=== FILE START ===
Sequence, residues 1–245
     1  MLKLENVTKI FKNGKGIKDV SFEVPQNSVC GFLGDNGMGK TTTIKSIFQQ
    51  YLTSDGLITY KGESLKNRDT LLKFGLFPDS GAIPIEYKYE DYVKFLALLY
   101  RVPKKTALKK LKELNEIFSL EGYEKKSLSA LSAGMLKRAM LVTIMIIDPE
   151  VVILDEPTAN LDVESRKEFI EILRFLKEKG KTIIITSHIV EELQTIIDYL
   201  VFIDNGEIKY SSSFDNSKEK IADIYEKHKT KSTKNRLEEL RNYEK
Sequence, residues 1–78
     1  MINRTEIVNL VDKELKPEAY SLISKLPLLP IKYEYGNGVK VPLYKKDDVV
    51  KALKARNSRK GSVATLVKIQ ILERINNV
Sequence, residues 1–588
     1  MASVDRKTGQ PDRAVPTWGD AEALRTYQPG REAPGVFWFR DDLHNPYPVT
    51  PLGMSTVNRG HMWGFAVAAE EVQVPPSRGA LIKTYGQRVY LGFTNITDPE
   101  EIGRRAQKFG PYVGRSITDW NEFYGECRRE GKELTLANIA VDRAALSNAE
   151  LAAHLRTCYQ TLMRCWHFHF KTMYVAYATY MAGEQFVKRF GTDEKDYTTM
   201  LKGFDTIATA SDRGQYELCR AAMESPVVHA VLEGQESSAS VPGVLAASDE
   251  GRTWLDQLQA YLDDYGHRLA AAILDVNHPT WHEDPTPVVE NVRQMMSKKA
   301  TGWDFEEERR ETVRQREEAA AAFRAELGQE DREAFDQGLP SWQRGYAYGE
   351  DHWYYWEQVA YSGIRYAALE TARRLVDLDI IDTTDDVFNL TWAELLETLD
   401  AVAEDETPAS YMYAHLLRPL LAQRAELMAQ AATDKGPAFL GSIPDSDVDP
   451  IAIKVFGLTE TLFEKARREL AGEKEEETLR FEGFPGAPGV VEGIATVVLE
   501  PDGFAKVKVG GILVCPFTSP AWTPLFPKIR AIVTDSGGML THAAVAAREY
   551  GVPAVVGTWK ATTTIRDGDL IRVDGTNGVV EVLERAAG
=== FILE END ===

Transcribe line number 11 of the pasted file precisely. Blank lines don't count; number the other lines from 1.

     1  MASVDRKTGQ PDRAVPTWGD AEALRTYQPG REAPGVFWFR DDLHNPYPVT